CRESCENT CITY, Calif. – A race is on at Crescent City to install 86 large new pilings in the Crescent City’s Boat Harbor by this time next week. It’s all part of a $38 to $40 million project to make sure the harbor can withstand any tsunami that may come it’s way.
Workers from Dutra Construction are working around the clock, 24-7, to get seventy foot long pilings planted in the bottom of the Crescent City boat basin. The pilings will be used to anchor these new concrete docks for the city’s fishing fleet which is getting ready for the upcoming crab harvest.
“These pilings are much larger than the old ones. the new ones are 30 inches in diameter, where the old ones were 16-18 inches in diameter. uh, the difference is, the new pilings are designed for tsunami loads, as opposed to just winter storm loads,” said Harbormaster Richard Young.
Last year’s tsunami ripped out the docks and pilings and scattered boats; they don’t want that to happen again.
“The choice was whether to put it back quickly, or put it back right and the district chose to try to put it back right,” said Young.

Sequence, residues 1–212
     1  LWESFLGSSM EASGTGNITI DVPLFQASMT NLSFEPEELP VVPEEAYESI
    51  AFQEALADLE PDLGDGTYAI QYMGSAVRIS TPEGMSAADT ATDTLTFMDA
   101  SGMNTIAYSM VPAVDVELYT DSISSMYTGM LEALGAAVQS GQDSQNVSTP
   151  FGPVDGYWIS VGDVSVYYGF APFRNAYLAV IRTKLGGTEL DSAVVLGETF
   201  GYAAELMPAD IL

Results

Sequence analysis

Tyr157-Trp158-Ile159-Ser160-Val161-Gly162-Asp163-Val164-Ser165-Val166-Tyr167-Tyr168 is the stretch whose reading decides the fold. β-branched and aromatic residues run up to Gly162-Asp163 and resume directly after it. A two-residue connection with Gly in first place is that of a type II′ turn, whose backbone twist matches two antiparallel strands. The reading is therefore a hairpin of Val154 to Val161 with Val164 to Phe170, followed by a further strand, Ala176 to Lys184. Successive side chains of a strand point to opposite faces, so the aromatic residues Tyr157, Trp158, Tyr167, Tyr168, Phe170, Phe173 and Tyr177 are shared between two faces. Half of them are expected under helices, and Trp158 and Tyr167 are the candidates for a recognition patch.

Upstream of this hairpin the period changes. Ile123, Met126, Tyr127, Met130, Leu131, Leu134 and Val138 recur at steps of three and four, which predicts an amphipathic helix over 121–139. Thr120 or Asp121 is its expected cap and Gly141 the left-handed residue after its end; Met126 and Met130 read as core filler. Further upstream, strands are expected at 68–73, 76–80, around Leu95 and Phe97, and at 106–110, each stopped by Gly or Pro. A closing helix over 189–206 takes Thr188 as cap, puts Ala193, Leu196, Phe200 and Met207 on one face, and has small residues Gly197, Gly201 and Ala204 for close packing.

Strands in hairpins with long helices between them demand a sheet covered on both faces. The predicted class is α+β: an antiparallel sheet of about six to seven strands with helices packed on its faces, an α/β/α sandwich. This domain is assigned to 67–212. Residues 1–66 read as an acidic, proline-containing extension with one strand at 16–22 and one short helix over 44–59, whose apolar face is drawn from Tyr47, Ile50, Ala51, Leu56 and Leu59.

A special drill bit, made in Eugene just for this job is chomping through the rock bottom of the boat basin, allowing the 70 foot long pilings to go 20-30 feet into the rock.
“The drill is on the inside of the pile. As the drill goes down and it extracts the rock, the pile just drops into the hole,” explained Ward Stover of the Stover Engineering Company.
Stover and Young say this should make crescent city the first tsunami resistant harbor in the U.S., when it’s all done late next year. Engineers are trying to get as much done as they can before the crab season starts at the end of this month or sometime next month. There are environmental concerns, but the real project won’t be done for at least another year, or year and a half. Harbormaster Richard Young says they are seeking an extension of their in-water working permit so they can get more done beyond the November 15th deadline.